Eurobondage - A Discussion About the Political Costs of Monetary Union
Book Salon with author Jonathon Moses (NTNU) in conversation with Michael Alvarez (UiB).
Join us for a discussion about the book Eurobondage - The Political Costs of Monetary Union in Europe by author Jonathon Moses (NTNU).
Our host this evening, Michael Alvarez, writes this about the book:
“The economic costs to member states of monetary union and economic austerity policies have been discussed exhaustively. But what about the political costs? Moses’ lucidly articulated analysis shows how the Eurozone monetary policy regime trumps states’ policy sovereignty and democratic voice by restricting their ability to manage their own economies. Given the enormous distributive consequences of monetary policy, should its management not be determined by the preferences of citizens and national governments? Moses’ comparative small-state case analysis – Ireland, a Eurozone member, Latvia, a candidate member, and Iceland, a non-member – demonstrates how national policy autonomy varies with degree of participation in the European common currency. Most importantly, Moses shows the enormous positive consequences of enhanced independence for the countries’ relative success in managing their economies during and following the economic crisis of 2008. By explaining and exhaustively illustrating the relationship between democratic voice and economic policy regimes. Eurobondage is a pristine example of political economy at its most illuminating, relevant and accessible.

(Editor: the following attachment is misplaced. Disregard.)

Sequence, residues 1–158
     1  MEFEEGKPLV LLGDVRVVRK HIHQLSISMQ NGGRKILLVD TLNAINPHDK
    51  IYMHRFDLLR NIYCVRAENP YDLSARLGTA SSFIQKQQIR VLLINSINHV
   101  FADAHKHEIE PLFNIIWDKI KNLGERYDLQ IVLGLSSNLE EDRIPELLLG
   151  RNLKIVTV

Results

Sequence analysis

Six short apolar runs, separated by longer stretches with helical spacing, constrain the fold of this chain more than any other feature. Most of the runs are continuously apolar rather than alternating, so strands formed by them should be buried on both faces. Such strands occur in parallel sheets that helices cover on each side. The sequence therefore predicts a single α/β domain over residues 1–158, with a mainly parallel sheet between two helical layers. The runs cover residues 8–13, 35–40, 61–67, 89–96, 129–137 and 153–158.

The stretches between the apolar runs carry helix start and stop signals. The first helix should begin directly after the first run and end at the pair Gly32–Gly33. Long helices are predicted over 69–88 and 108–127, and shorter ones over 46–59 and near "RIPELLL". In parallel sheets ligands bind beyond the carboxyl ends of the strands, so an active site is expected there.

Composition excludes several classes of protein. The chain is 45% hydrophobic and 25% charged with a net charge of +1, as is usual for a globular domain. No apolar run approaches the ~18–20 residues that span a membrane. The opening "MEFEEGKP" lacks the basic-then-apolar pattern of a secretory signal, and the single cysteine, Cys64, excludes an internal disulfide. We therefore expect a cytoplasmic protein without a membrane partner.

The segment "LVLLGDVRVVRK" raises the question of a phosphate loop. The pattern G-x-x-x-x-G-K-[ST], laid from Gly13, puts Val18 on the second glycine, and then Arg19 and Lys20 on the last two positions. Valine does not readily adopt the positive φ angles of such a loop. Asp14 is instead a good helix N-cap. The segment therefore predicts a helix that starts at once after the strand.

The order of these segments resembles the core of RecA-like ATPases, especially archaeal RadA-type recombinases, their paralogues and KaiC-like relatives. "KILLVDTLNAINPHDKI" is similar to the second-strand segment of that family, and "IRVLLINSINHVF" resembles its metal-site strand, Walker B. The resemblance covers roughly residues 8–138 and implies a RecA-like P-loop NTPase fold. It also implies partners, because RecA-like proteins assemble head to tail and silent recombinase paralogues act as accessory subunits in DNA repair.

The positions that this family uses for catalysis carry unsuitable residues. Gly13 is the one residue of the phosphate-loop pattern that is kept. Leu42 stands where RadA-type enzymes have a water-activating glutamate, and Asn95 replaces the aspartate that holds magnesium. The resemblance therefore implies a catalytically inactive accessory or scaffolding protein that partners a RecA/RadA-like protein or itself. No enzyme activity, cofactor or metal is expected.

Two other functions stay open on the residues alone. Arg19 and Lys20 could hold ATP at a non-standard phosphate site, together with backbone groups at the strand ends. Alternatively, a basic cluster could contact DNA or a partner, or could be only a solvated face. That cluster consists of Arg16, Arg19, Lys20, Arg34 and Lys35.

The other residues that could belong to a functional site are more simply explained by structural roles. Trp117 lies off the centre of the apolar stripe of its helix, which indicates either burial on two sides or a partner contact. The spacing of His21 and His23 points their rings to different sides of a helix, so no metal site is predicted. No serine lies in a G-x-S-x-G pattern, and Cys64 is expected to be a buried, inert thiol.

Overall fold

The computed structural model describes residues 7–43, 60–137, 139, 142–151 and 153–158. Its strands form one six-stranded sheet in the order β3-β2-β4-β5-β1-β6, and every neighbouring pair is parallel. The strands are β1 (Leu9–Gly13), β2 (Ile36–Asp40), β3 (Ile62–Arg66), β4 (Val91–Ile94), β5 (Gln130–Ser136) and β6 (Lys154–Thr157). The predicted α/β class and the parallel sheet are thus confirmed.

In the end, Moses persuasively shows how domestic control over monetary policy is essential not only for national sovereignty in the management of the domestic economy, and for generating better performance in economic growth and unemployment, but also for allowing voice for citizens in the face of the regressive distributive consequences of the inflation-obsessed Eurozone austerity regime. Eurobondage straddles the disciplines of of international political economy, institutional design and democracy studies, setting a new standard for balancing rigour and accessibility. It will prove a valuable resource for initiating university students at all levels (not to mention policymakers) into the exciting discipline of political economy.”
Jonathon Moses is Professor of Political Science at the Norwegian University of Science and Technology, Trondheim, Norway.
Michael Alvarez is Associate Professor at the Department of Comparative Politics, University of Bergen.